Another piece to this lesson reminds me a little bit of that old Native American parable about the two wolves that live and battle inside us: good and bad, and the one that you feed wins (Tomorrowland totally ripped off Native Americans on that reference, by the way)(or maybe it isn't Native American and the internet just happened to say it was Native American but it actually originated somewhere else). If you don't allow your bad feelings of your spouse free reign over your conversations, the bad feelings starve, leaving room for the good feelings to thrive. To me, this isn't living in denial of real struggles and conflict in relationships, but choosing to act in love toward your spouse rather than reacting in contempt.

I have tried applying this advice in other areas of my life besides marriage as well. I can say with certainty that I need more practice (sometimes you just call your mom or word vomit on whoever happens to ask how you're doing at an inopportune moment because you are kind of an open book and have a lot of feelings and WHAT IS WRONG WITH PEOPLE SOMETIMES?). Being a "giver" personality type often translates to giving too much information. Speaking of giving too much information, I have another favorite piece of advice, but it isn't exactly blog appropriate, so you will just have to ask me in person. Also, I reserve the right to withhold this advice from you if I deem you unable to responsibly handle the information.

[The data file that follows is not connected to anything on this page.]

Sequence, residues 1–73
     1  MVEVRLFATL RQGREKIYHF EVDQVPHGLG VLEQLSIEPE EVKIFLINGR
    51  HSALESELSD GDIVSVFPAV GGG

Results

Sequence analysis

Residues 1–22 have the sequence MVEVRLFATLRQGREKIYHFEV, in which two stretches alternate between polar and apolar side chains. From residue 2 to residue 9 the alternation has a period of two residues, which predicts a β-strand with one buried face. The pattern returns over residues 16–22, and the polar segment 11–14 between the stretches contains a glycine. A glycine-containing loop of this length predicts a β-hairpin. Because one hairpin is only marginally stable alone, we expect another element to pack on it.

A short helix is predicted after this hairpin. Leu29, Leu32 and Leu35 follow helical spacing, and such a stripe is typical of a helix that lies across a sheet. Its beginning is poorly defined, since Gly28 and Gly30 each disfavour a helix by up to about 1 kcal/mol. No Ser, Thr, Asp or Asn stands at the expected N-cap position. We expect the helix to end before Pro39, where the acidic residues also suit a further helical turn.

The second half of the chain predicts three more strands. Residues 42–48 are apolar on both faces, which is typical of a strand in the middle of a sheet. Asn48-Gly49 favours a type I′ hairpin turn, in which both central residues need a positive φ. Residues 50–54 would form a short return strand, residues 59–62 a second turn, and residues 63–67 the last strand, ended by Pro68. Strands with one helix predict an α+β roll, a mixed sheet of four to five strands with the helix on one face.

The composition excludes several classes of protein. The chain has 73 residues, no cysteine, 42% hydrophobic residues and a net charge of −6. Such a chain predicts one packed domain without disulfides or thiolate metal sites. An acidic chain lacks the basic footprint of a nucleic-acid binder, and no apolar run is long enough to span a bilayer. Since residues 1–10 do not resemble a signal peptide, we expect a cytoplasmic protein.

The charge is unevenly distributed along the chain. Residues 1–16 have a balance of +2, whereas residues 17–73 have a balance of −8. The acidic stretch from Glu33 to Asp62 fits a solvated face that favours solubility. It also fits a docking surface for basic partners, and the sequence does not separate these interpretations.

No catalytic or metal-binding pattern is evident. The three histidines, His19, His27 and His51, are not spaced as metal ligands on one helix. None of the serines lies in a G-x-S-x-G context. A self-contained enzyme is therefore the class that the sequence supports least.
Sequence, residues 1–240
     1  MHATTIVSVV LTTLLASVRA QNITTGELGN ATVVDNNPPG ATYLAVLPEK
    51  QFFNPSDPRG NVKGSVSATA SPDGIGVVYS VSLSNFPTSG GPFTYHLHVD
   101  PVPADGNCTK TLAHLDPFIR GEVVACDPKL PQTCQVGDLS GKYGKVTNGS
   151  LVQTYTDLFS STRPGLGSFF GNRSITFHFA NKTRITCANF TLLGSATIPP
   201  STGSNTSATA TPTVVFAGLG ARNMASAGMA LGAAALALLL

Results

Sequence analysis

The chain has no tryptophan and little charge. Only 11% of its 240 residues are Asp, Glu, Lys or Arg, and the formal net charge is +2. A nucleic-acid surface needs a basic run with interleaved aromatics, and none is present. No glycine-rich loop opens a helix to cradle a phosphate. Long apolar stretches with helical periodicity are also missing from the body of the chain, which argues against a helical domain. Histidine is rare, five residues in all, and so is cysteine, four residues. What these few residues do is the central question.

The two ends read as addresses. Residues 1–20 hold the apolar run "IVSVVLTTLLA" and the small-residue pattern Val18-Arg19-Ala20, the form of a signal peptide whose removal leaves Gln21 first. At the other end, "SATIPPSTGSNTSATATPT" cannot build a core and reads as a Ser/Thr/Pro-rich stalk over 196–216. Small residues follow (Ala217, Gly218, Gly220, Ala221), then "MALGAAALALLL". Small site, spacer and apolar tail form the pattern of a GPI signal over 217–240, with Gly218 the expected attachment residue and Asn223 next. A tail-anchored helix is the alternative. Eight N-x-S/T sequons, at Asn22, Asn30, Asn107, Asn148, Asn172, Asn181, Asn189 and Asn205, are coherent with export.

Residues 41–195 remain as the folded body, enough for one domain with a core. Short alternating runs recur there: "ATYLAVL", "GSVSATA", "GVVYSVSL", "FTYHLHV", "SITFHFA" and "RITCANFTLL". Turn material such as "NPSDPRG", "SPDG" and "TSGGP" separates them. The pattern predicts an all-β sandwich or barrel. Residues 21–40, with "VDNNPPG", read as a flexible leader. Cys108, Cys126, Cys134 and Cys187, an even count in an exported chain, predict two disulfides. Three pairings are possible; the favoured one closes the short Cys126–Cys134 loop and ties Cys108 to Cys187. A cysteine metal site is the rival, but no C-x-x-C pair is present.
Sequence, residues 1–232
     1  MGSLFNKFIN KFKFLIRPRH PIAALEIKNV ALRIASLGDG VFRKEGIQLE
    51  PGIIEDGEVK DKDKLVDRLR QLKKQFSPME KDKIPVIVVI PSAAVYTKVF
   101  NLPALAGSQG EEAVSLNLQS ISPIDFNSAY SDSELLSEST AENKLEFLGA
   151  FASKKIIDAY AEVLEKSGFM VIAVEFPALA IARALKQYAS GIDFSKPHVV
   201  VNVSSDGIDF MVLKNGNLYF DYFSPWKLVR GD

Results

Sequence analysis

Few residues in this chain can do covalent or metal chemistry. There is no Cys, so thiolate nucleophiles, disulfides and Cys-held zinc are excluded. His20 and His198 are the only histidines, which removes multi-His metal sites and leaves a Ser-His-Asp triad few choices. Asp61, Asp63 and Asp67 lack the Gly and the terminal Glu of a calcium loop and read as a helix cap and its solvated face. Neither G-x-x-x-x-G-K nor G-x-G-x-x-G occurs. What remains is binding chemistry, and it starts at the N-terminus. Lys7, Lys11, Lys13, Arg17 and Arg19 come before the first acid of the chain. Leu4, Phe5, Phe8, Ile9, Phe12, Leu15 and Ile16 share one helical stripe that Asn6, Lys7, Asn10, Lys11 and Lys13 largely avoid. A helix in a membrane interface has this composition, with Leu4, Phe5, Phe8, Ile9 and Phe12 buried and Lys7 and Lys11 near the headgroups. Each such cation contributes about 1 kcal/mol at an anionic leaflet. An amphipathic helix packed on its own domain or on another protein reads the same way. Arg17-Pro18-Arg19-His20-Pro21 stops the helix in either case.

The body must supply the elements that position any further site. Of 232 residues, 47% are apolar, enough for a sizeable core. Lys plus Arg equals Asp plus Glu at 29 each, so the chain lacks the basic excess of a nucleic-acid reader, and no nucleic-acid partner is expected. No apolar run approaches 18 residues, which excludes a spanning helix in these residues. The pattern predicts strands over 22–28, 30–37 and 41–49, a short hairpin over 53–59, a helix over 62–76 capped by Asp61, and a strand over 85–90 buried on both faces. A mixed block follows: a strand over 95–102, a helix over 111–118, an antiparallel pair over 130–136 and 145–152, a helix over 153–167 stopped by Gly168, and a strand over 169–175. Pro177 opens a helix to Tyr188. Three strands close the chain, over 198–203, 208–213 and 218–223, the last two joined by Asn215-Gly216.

I hope that, for some, this could be your "AHA!" advice that helps you enter your marriage more readily, or turn a corner in a marriage that has maybe had a hint of bitterness in it lately. When marriage gets tough, it's okay to be hurt and need help. It isn't okay to get resentful and give up on intimacy and tenderness--you might be surprised to know that some of the most loving and flourishing marriages have been dragged through some really ugly stuff. And please, if you are having marriage issues that involve any sort of abuse, ignore everything before this sentence and find help (City Rescue Mission, National Domestic Abuse Hotline).

Thanks for reading, everyone!